Super Local has won the Dutch Design Award for best product of 2023 with a project that creates colourful souvenirs from trash that was carried out of the Himalayas by mountain trekkers.
The Dutch design studio created two designs that could make it possible to recycle all of the trash in Nepal's Sagarmatha National Park, which is home to Mount Everest.
The first is a bag that allows people walking the mountain trails to carry trash back with them. The second is a series of mementoes made out of waste bottle caps.
"'What goes up must come down' is a law of nature that has not applied to waste in the Himalayas for a long time," the judges said. "Super Local came up with a solution that is as poetic as it is pragmatic."
The project was initiated by Nepalese non-profit Sagarmatha Next in response to concerns that an estimated 200 tonnes of waste is left behind in the mountain range each year.
The brief given to Super Local was to design "an end-to-end process" for safely removing and recycling this litter.
"The high altitude, lack of connectivity and limited recycling infrastructure make it challenging to remove waste," explained the studio, which is led by designers Pim van Baarsen and Luc van Hoeckel.
"This has resulted in more than 80 open pits where waste is burned, contaminating the soil, water and air, and threatening biodiversity."
With more than 80,000 people visiting the park every year, the designers saw an opportunity to crowdsource the process of carrying this waste out of the mountains.
Hikers are encouraged to bring back at least one pack of waste, contained within a one-kilo Carry Me Back bag.
A dedicated team is responsible for filling these bags, collecting waste from restaurants and lodges as well as open pits and bins, then taking it to a processing facility to be sorted and shredded first.
Trekkers can then clip these bags onto their backpacks, making it easy to transport them to the local airport. From here, the waste is transferred to a recycling centre in Kathmandu.
Some waste materials are easier to process than others. In particular, water bottles and aluminium cans offer more commercial reuse potential than bottle caps, which are made from HDPE (high-density polyethylene).
This led Super Local to design a collection of souvenirs that can be made from HDPE.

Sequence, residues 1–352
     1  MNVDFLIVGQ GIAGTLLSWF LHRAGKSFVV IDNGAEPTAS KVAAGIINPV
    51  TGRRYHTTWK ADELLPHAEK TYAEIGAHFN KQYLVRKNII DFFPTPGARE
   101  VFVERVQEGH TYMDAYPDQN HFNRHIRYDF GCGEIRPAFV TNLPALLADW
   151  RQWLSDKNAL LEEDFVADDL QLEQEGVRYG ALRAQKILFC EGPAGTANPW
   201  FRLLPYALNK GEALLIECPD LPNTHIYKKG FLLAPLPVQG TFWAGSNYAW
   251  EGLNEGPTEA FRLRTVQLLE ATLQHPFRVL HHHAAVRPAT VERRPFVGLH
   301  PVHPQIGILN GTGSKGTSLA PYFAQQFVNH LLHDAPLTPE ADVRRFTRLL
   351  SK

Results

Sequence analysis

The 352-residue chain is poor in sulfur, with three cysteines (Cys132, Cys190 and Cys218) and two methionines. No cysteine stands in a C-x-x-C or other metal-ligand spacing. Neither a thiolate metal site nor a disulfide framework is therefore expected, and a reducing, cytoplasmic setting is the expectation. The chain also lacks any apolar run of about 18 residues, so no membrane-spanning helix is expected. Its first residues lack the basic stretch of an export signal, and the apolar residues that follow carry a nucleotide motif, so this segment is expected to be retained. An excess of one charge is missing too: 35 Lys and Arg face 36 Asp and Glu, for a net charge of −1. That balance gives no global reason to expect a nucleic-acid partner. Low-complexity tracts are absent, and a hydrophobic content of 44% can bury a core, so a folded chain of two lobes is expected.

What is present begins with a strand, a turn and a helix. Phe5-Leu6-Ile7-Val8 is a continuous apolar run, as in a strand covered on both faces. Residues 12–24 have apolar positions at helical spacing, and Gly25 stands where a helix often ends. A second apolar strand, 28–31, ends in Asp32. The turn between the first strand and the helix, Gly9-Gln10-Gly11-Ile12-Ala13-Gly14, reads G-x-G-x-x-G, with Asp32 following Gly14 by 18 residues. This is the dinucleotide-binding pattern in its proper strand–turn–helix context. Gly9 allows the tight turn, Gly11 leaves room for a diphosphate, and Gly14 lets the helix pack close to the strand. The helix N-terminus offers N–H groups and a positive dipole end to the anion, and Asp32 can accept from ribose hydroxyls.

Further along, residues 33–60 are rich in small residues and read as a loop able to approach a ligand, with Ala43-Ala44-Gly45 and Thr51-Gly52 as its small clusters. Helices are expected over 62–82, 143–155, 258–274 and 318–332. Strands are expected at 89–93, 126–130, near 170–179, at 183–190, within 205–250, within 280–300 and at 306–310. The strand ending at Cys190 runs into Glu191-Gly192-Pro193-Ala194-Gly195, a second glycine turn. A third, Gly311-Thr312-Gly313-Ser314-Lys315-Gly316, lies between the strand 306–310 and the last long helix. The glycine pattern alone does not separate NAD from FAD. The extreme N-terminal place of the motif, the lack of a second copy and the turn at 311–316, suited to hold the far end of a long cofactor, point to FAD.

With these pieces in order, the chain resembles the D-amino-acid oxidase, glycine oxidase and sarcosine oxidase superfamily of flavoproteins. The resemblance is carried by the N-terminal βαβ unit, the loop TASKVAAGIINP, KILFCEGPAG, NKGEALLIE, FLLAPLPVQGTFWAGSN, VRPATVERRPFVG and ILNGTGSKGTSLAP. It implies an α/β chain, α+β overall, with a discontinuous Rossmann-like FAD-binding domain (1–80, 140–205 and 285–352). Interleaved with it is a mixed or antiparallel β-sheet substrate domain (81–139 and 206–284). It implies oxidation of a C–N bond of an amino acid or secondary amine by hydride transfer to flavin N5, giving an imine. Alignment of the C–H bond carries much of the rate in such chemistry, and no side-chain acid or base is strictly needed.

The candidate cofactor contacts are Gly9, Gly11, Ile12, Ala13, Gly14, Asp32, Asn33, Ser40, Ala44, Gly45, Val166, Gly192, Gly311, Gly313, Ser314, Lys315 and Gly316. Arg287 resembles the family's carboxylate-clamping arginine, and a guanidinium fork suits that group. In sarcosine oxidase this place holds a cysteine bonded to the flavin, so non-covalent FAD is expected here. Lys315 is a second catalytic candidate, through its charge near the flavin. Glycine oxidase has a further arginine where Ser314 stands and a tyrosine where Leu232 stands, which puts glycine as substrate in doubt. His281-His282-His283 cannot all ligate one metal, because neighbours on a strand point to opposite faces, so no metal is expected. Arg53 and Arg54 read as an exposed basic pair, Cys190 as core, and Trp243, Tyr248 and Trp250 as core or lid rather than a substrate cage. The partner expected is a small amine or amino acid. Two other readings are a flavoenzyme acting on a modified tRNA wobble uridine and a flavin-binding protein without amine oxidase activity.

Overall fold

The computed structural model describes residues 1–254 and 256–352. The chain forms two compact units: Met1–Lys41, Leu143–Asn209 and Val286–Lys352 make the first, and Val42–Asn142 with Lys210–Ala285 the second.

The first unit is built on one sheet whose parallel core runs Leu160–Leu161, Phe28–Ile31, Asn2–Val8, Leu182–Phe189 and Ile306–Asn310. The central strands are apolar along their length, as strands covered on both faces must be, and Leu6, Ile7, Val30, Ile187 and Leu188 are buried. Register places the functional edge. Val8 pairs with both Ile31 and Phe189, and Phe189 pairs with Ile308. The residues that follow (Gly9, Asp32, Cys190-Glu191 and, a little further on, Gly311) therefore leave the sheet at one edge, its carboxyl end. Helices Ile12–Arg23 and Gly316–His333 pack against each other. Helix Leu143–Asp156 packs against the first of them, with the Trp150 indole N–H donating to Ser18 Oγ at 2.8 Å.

The collection includes faceted pebbles in three different shapes, which can be used as necklaces or key chains, and a scale model of Everest and its surrounding peaks.
These are produced with hand-operated injection moulding machines, built using the open-source blueprints of Dave Hakkens' Precious Plastic machine – a project that was first published on Dezeen back in 2013.
The caps are colour-sorted by colour before being processed. Some of the designs are more monochrome, while others feature deliberate mixes of complementary or contrasting tones.
"These colourful products use thousands of recycled bottle caps and are perfect items for tourists to remember their adventure, and hopefully their responsibility to the environment, even as they return home," said the designers.
Super Local has become a specialist in socially conscious design. Other projects include the Care Collection, a line of affordable hospital equipment, and Bottle Up, a range of terrazzo products made by Zanzibari craftspeople.
From the Himalayas is one of the studio's biggest projects to date.
Following a successful pilot version of the Carry Me Back scheme in 2019, the programme was launched across the region in spring 2022.
The project is expected to make a significant impact on the local ecosystem. According to Super Local, the response has been hugely positive.
"Locals and visitors alike have responded enthusiastically to the Carry Me Back programme, with some people carrying up to 14 kilos of waste on their way," said the designers.
The photography is by Super Local.